By all indications, this has been one of the worst summers I have experienced since arriving in Lawrence four years ago. The excessive heat, combined with drought conditions, has turned beautiful lawns and landscapes into sun-baked patches of dried plant material.
With fall coming up, weather patterns should change, and cooler temperatures will bring some much-needed rain. Soon it will be time to overseed our cool-season lawns.
Here is why fall is such a good time to perform this annual practice:
The cool season grasses (fescue, bluegrass and ryegrass) have two primary growth periods. They correspond with the cooler times of the year -- spring and fall. After enduring a long hot summer, these grasses will soon be emerging from summer dormancy and will resume healthy strong growth. However, some plants may not wake up. The stresses of summer were more than they could handle. So as we enter the fall growth cycle, it is time start planting again.
Why not just leave the bare spots? Two reasons. First, cool-season grasses do not "fill in" as quickly as warm-season grasses. They reproduce by stolens and rhizomes but not to the degree of zoysia grass or Bermuda grass. In order to fill in the empty spots, a seed must be planted.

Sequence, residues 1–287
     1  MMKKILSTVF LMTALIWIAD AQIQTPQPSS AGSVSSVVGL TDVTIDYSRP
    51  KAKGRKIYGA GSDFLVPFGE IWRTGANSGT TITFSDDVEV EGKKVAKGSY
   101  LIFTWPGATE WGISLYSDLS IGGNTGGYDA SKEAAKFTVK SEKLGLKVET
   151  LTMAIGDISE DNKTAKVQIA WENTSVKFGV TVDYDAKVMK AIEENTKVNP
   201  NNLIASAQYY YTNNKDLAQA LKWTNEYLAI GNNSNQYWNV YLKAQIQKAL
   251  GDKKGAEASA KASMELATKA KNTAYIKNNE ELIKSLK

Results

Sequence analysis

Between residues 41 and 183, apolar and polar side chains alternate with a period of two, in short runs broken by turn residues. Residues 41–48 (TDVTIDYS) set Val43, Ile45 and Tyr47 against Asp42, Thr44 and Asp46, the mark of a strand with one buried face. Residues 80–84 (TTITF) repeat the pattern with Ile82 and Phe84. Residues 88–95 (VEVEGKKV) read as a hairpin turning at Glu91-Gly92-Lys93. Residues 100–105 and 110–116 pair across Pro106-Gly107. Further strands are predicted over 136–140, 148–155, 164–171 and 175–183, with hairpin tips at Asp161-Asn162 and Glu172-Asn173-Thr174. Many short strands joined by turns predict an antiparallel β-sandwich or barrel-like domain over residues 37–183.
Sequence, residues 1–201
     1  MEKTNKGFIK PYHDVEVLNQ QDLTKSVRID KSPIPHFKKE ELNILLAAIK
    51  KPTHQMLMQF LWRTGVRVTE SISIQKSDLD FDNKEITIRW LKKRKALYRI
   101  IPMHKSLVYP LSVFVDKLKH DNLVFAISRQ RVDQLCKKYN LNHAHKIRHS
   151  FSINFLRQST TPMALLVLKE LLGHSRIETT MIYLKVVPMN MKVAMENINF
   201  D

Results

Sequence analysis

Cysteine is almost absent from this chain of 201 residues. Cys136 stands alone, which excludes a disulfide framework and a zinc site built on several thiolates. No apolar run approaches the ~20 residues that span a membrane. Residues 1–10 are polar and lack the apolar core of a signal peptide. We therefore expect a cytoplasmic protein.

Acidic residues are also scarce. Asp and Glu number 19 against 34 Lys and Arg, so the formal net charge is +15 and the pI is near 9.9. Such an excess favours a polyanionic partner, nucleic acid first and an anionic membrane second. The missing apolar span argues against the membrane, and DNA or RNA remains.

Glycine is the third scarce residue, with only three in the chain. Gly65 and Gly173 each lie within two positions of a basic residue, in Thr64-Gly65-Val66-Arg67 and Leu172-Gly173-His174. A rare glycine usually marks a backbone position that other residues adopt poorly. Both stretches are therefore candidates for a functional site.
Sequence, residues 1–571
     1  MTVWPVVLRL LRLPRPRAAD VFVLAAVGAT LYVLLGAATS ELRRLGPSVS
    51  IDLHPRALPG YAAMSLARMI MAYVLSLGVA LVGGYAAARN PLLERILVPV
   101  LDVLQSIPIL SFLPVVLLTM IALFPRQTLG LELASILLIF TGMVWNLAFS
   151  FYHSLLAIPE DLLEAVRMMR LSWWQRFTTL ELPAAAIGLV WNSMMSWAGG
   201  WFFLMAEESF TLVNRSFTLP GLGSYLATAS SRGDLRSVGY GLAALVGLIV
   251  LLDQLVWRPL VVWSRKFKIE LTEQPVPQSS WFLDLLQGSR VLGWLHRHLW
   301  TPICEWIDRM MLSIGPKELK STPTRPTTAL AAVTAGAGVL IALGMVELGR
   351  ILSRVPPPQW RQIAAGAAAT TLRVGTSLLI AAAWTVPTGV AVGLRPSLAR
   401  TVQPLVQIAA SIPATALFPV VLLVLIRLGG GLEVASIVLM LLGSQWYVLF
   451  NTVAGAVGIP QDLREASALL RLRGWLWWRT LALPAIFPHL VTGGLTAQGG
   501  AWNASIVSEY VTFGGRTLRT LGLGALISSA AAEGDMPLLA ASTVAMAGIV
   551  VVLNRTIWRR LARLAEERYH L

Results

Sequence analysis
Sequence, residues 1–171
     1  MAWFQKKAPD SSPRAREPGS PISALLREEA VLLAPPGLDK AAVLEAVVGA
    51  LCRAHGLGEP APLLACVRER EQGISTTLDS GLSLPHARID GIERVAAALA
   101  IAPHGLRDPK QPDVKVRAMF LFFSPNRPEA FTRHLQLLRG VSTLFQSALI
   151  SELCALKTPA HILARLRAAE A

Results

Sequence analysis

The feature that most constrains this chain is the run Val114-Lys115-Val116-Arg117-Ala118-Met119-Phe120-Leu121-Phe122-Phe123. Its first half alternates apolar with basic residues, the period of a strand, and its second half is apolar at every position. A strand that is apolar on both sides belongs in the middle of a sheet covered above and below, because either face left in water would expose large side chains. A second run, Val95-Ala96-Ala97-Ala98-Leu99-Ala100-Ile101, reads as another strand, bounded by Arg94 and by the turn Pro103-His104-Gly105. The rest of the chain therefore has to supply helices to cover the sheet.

Secondly, achieving a complete cover is the first step in your weed control program. Weeds are adventitious. They take advantage of light, water and space. Look around your own home lawns. The majority of weeds start growing in a bare spot where there is no competition. If you overseed on a regular basis and fill in those bare spots, weeds will naturally disappear.
Is fall really better than spring? Yes. There are several reasons fall is the ideal time to overseed. First, the cool nights and warm soil help the seeds get a quick start. The roots grow fast and the plant matures much more quickly than in the spring. Secondly, the hot, dry summer that follows the spring can kill many new plants that have not had a chance to harden off. Conversely, the fall-planted seeds mature more quickly and are better able to handle the winter season. Finally, the primary weeds that cause the most problems such as crabgrass, foxtail and nutgrass germinate in the spring -- the same time a spring planted lawn is trying to start. Often times, these weeds will out-compete for the light, water and space resulting in a weedy thin stand of turf. Counter that with a fall seeding when these weeds are not growing, and the result is a lush, healthy stand of grass much more quickly.
Finally, fall overseeding can combine several good practices into one major event. Planting seeds, core aeration and fertilizing can all be done at the same time. I am a big proponent of all three. First, overseeding helps rejuvenate an otherwise sickly lawn. Core aeration helps alleviate heavy compacted soil, reduce thatch, and allow water, oxygen, and nutrients to enter more deeply into the soil. And fertilizing gives the grass that fall jump-start.